This approach means that, while Zeebo can be priced appropriately for its markets - it will launch at US $199 in Brazil compared to around US $250 (plus another US $50 for a mod chip to play pirated games) for a PlayStation 2 in the region, while still generating some profit for Zeebo and for local retailers.
But the most important part of the Zeebo ecosystem is its wireless digital distribution. It gets around the low penetration of wired broadband in many of these countries, negates the cost of dealing with packaged retail goods, and removes the risk of piracy, with the games locked to the consoles they’re downloaded to. The pricing of games is also designed to undercut piracy. For example, in Brazil, legal PS2 games can cost up to US $100, whereas pirate copies are US $10. Zeebo games will be US $12.
This has encouraged some large publishers to get involved: the likes of EA, Capcom, THQ and Activision as well as PopCap, Gameloft and Digital Chocolate are already signed up. In Brazil, the console will come pre-loaded with FIFA 09, Action Hero 3D and Brain Age, and owners will be able, at no cost, to download Prey, Quake and Need for Speed Carbon. Zeebo’s Brazilian site claims, among many more, that Crazy Taxi, Tekken 2 and Street Fighter Alpha will feature as the service develops.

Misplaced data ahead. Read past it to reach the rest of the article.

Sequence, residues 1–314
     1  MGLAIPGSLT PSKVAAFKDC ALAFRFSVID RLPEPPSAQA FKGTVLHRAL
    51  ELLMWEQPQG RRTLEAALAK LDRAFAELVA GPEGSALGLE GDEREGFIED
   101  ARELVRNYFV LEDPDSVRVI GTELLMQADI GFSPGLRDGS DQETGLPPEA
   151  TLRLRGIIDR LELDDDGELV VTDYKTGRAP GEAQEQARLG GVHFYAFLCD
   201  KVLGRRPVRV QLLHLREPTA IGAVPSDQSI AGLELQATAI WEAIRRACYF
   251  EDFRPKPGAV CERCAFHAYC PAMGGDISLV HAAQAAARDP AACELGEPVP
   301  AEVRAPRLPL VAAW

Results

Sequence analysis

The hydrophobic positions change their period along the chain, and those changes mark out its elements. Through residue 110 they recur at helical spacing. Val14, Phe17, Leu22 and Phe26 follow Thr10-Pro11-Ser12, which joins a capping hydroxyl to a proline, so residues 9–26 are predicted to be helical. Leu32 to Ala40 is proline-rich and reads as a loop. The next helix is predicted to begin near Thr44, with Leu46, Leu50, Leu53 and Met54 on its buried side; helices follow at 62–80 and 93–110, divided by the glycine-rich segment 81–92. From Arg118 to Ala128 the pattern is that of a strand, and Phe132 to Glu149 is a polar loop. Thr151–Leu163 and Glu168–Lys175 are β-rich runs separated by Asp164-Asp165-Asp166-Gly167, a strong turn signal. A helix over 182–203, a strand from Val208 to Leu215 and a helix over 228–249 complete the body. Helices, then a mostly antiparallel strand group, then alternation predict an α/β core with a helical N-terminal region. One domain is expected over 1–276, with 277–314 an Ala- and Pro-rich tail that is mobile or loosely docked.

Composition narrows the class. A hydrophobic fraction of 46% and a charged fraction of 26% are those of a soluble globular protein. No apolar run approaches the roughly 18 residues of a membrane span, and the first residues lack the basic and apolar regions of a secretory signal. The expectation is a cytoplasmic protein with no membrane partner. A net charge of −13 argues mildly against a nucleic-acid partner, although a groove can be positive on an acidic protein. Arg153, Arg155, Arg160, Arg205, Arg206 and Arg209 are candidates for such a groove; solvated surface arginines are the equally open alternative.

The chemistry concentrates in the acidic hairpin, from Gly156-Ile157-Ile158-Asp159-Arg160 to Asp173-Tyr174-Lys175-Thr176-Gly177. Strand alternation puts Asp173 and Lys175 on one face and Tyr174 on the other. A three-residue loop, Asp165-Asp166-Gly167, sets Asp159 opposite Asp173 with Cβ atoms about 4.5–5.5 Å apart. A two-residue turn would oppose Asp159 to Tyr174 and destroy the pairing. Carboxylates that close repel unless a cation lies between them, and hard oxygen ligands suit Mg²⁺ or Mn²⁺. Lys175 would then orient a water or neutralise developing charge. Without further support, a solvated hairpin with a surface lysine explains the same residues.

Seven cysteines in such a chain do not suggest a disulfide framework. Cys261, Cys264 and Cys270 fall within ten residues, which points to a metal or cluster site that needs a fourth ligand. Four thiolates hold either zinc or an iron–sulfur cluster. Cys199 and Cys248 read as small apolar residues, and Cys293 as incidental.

Games will be purchased using Zeebo's equivalent of Microsoft Points, Z-Credits. Zeebo plans to offer some games, including Quake, for free, however
But Zeebo’s aim to lower the barriers of entry will enable local developers to create games for their local markets, too. “We certainly need the big guys but there are a lot of capable indies. We have 80 approved independent developers and we’ll work with them to make some supercool games,” says Normand. “At the moment, it’s almost impossible for them to make games even for the likes of XBLA. We were in Mexico and they don’t have Apple’s App Store live, so even if they wanted to, Mexican developers can’t make games. The idea with Zeebo is small studios will be able to make culturally relevant games in their own language.”
And Zeebo's plans for world domination are already advanced. The console will launch in Rio de Janeiro in late May before rolling out across the rest of the country during June. Launch in Mexico is planned for autumn this year and other parts of Latin America and India are pencilled in for 2010. “From day one, we’ve always had a much broader vision,” says Yuen. “You’ll see Zeebo marketed as more than just a games machine as we roll out too. In Latin America, where there’s a strong gaming culture, that’s what we’ll be, but in India and China we can be more educational or lifestyle-oriented. Localised content means more to us than just language.”